Ever heard the saying, “Choose wisely”? We take that to heart when picking components. Our team at Hian Technologies selects resistors, transistors and other components, that are tough cookies in the face of temperature tantrums. By choosing the right parts, your op-amps are all set to handle the heat, maintaining top-notch reliability.

Smart Circuit Design

Here’s where we get crafty with circuit designs. Incorporating thermal compensation isn’t just a tweak—it’s a game changer. Our designs include little geniuses that adjust themselves as temperatures change, ensuring your op-amp output is as stable as a table. For example, we can use the contour lines technique (Microchip Application note AN1258)


Following Contour Lines – Microchip AN1258 - Op Amp Precision Design: PCB Layout Techniques


Following Contour Lines – Microchip AN1258 – Op Amp Precision Design: PCB Layout Techniques.

Subthreshold Operation: Powering the Future

In an era where energy efficiency is paramount, Hian Technologies is at the forefront of harnessing the power of subthreshold operation in operational amplifiers. This technique, although complex, is crucial for applications where conserving power is as important as performance—think wearable technology, IoT devices, and medical implants, where battery life is critical.


The subthreshold operation involves running the MOS transistors within an op-amp at voltage levels below their threshold for strong inversion. In this region, transistors are not fully turned on; instead, they operate in what’s known as the weak inversion mode. This mode allows current to flow at a significantly reduced rate compared to above-threshold operation, leading to drastically lower power consumption.


However, operating in the subthreshold region is not without its challenges. The reduced current levels mean slower operational speeds and increased susceptibility to noise—factors that are often detrimental in fast, high-accuracy applications. But at Hian Technologies, we’ve refined the balance between power efficiency and performance. Through innovative circuit design and state-of-the-art technology, we optimize these op-amps to deliver sufficient speed and reliability for their intended applications.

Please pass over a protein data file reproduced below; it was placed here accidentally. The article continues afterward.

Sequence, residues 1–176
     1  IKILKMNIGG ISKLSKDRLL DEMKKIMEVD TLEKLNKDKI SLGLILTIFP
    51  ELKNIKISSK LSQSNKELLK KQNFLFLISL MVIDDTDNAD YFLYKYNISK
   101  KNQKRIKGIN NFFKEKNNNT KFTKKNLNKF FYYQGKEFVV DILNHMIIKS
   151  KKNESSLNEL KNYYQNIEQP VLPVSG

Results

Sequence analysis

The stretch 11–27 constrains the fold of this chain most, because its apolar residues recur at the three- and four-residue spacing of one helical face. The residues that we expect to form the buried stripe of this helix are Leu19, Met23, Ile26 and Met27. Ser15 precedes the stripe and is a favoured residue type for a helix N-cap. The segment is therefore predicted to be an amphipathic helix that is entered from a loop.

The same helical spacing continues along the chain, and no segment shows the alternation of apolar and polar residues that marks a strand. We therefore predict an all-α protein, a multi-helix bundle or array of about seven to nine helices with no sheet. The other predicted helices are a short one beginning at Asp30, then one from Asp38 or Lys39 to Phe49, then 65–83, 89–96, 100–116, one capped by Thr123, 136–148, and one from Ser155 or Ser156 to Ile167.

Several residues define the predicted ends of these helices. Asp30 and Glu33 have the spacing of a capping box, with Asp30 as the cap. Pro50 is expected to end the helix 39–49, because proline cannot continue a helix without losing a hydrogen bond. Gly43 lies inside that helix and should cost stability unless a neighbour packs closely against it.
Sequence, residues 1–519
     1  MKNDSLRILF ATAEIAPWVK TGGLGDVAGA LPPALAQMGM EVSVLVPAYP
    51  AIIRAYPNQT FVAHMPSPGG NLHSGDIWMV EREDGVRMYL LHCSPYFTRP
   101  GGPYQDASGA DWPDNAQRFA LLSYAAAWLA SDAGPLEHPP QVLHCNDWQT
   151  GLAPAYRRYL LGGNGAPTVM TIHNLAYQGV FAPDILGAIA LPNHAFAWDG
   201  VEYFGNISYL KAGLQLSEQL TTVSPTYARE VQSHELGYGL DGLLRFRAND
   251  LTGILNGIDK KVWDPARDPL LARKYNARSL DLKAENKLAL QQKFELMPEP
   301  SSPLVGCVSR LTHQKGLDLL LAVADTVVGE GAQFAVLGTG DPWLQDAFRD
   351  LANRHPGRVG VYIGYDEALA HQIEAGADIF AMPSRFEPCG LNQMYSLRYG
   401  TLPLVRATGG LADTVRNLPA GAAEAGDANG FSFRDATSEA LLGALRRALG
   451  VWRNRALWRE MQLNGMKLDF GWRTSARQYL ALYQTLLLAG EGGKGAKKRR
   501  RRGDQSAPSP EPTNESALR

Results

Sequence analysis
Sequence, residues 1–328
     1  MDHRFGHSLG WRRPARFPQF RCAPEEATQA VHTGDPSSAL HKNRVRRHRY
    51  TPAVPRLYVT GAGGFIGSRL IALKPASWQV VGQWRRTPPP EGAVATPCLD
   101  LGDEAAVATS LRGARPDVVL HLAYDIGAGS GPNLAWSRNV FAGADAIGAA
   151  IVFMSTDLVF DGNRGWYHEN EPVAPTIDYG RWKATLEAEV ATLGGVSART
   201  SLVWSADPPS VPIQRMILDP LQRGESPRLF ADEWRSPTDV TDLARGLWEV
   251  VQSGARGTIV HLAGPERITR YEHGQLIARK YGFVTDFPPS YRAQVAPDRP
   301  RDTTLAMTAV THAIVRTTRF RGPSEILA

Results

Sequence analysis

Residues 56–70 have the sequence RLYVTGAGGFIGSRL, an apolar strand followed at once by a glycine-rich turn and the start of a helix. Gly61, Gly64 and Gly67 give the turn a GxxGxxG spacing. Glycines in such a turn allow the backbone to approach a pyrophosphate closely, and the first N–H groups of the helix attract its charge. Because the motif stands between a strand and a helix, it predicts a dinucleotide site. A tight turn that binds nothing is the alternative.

Moreover, our engineers employ advanced techniques such as adaptive biasing and optimized feedback mechanisms to enhance the stability and functionality of op-amps in subthreshold operation. By pushing the boundaries of traditional design, Hian Technologies not only contributes to more sustainable electronics but also enables new possibilities in energy-sensitive applications. This commitment to innovation underscores our role as a leader in cutting-edge electronic design, where every microwatt of power savings counts towards a larger environmental impact.


Wrapping It Up

At Hian Technologies, our deep dive into the operational amplifier’s lesser-known abilities is more than just technical expertise—it’s a passion for pushing the boundaries of what’s possible in analogue electronics design. Our work with op-amps is a testament to our commitment to innovation and excellence.


Interested in innovative electronic design solutions? Connect with us at Hian Technologies, where we turn complex challenges into streamlined, cutting-edge designs. Stay tuned for more insights and explorations into the fascinating world of electronics!



These are some cool books that we have explored over the years, they have invaluable information on various aspects of OpAmps and Analog Design in general:

      1. Gray, Paul R., and Robert G. Meyer. Analysis and Design of Analog Integrated Circuits. 5th ed., Wiley, 2009.

      1. Franco, Sergio. Design with Operational Amplifiers and Analog Integrated Circuits. 4th ed., McGraw-Hill Education, 2014.

      1. Allen, Phillip E., and Douglas R. Holberg. CMOS Analog Circuit Design. 3rd ed., Oxford University Press, 2012.

      1. Maloberti, Franco. Data Converters. Springer, 2007.

      1. Rabaey, Jan M., Anantha Chandrakasan, and Borivoje Nikolic. Digital Integrated Circuits: A Design Perspective. 2nd ed., Prentice Hall, 2002.